American politicians and citizens seem to have conveniently forgotten the triumph of free speech and information with Daniel Ellsberg’s Pentagon Papers, but Ron Paul reminded everyone on the House floor.
There is a lot to admire in the Texas Representative Ron Paul. He calls himself a Libertarian, but that designation is really just a semantic term for what he actually is—an Anarcho-Capitalist. Granted, Paul’s absolute faith in the sustainability of markets over the long-term is problematic, but he is in other respects a champion of freedom. An anomaly on the House floor, Paul is a man whose disgust in the status quo is manifest in his near total aversion to modern lawmaking as an exercise in over-legislation, and his venomous attacks at the Federal Reserve recall Andrew Jackson’s brilliant invective against a room of bankers in Philadelphia:
“Gentlemen, I have had men watching you for a long time, and I am convinced that you have used the funds of the bank to speculate in the breadstuffs of the country. When you won, you divided the profits amongst you, and when you lost, you charged it to the bank. You tell me that if I take the deposits from the bank and annul its charter, I shall ruin ten thousand families. That may be true, gentlemen, but that is your sin! Should I let you go on, you will ruin fifty thousand families, and that would be my sin! You are a den of vipers and thieves. I intend to rout you out, and by the eternal God, I will rout you out.”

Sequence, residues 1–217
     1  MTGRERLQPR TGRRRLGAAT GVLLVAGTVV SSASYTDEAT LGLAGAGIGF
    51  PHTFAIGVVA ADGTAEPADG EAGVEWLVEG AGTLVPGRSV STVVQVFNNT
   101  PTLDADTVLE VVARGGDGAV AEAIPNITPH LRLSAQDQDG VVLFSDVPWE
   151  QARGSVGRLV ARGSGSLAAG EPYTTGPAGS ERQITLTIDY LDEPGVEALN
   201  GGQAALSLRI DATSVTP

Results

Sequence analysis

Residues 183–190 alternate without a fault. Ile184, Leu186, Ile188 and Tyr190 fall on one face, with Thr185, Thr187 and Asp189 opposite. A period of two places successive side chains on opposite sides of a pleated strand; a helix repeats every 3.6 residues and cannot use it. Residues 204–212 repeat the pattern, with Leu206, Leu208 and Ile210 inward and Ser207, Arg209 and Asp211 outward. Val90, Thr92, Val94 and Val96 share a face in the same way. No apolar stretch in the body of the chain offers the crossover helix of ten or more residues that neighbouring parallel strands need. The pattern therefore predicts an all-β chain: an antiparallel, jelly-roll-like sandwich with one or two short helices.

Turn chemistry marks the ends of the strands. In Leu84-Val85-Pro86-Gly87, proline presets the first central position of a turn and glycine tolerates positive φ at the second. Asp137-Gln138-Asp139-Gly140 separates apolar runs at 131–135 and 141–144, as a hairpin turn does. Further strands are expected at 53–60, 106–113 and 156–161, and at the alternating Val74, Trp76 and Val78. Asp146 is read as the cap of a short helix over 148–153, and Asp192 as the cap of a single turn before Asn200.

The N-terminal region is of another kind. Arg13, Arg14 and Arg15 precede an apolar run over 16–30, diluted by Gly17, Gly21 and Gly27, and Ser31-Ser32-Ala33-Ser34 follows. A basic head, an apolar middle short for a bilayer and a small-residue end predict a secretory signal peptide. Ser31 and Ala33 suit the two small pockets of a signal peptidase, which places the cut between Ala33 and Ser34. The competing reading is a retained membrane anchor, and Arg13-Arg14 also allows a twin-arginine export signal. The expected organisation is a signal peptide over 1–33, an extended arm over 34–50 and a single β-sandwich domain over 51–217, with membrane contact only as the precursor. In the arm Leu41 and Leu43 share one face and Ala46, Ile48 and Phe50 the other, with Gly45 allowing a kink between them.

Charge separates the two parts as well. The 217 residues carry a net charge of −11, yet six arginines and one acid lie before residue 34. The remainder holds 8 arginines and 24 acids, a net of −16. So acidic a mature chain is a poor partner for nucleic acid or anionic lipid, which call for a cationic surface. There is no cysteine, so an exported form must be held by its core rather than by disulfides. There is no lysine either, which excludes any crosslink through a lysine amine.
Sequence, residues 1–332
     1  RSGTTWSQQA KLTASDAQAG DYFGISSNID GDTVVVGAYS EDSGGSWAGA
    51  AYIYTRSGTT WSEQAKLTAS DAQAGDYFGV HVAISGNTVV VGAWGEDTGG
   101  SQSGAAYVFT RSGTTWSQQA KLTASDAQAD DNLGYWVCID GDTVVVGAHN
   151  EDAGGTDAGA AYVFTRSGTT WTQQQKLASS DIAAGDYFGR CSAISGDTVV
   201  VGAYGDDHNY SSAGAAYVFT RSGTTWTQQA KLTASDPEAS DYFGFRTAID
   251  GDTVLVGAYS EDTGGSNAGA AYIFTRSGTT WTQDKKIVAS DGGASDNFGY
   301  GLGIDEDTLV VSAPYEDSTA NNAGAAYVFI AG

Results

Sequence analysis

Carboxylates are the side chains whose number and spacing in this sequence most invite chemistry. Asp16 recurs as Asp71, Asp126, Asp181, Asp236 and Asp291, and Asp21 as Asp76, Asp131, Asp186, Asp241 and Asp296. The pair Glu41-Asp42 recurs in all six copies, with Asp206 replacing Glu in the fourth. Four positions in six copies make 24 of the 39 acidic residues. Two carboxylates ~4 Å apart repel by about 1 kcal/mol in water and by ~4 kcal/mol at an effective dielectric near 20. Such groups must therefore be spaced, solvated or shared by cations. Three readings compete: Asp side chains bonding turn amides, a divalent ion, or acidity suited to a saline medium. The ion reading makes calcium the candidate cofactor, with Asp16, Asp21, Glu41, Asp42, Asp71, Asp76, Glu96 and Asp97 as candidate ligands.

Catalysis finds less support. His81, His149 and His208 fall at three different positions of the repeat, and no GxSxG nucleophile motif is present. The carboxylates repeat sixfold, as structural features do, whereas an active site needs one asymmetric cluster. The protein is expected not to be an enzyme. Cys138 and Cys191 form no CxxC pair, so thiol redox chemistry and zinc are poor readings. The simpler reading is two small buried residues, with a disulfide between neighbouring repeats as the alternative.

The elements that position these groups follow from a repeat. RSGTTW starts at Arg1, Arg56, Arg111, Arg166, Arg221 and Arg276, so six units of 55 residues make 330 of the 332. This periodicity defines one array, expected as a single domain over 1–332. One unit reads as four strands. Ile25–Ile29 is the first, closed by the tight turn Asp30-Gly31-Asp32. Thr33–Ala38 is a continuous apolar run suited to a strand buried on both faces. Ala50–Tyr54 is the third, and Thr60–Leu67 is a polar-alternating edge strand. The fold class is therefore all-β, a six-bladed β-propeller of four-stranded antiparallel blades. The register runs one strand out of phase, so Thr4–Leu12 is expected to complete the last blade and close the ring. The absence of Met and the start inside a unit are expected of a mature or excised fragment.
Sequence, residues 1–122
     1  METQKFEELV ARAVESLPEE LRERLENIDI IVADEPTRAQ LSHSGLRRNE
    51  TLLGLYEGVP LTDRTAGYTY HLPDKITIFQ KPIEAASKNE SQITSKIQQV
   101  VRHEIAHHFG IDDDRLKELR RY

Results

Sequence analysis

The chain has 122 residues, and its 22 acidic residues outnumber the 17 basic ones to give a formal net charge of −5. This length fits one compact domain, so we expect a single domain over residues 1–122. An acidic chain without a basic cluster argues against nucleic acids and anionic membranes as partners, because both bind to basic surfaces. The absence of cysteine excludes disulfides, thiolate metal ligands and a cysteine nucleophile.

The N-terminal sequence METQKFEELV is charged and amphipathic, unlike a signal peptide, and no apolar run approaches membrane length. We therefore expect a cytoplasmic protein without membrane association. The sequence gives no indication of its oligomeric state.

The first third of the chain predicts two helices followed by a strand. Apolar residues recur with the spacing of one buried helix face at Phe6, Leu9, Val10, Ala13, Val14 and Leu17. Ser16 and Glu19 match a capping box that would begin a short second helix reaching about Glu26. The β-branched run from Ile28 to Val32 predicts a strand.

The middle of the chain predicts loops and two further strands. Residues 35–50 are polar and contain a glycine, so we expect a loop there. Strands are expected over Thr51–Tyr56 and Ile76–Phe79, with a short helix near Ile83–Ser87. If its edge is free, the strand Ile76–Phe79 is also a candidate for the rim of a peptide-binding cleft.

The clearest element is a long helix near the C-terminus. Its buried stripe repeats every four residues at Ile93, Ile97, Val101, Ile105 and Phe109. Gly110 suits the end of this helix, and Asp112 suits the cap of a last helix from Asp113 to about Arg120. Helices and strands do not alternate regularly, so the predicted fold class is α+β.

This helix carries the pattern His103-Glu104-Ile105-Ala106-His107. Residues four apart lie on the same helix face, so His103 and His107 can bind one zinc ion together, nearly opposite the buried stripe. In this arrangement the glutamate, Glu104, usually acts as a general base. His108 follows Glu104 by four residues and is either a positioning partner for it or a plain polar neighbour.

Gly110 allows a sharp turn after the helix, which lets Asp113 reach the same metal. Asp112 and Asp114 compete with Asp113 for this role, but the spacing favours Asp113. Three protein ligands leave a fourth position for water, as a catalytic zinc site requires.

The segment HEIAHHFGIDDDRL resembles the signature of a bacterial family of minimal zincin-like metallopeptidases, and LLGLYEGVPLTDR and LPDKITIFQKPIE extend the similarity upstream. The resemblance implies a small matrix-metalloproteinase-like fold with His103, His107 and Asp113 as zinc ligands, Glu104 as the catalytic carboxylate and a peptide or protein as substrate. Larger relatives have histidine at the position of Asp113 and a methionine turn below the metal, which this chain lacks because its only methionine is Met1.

One might say that Ron Paul is the modern equivalent of not only Andrew Jackson, but Thomas Jefferson as well, who was none to fond of banks himself, saying:
“I believe that banking institutions are more dangerous to our liberties than standing armies. If the American people ever allow private banks to control the issue of their currency, first by inflation, then by deflation, the banks and corporations that will grow up around [the banks] will deprive the people of all property until their children wake-up homeless on the continent their fathers conquered. The issuing power should be taken from the banks and restored to the people, to whom it properly belongs.”
Let us not dwell on Ron Paul’s personal crusade against the Federal Reserve and the banking system in the United States, in general, because Paul represents something far beyond that most worthy struggle. Whether you are a Democrat or Republican, in between or on the fringes, you must admit Paul represents the very lonely stand against the twin leviathans of government and finance that have rendered American personal liberty an hallucination.
And as the Julian Assange and WikiLeaks narrative unfolded with the leaked cables—as every politician either remained silent (President Barack Obama), called for Assange’s execution like Spanish inquisitors (Sarah “Moose Vagina” Palin, Mike Huckabee) or maneuvered to undercut the organization’s ability to operate (Senator Joe Leiberman), Ron Paul alone expressed his outrage at all three types by taking to the House floor and publicly supporting Assange and WikiLeaks.
He begins by noting that the “hysterical reaction makes one wonder if this is not an example of killing the messenger for the bad news.” Paul goes on to note that the information “has caused no known harm to any individual, but it has caused plenty of embarrassment to our government.” And this is the critical point that must be understood. Wade through all the other distortion from politicians and pundits and it will become readily apparent that this “national security” dust-up is merely an issue of power.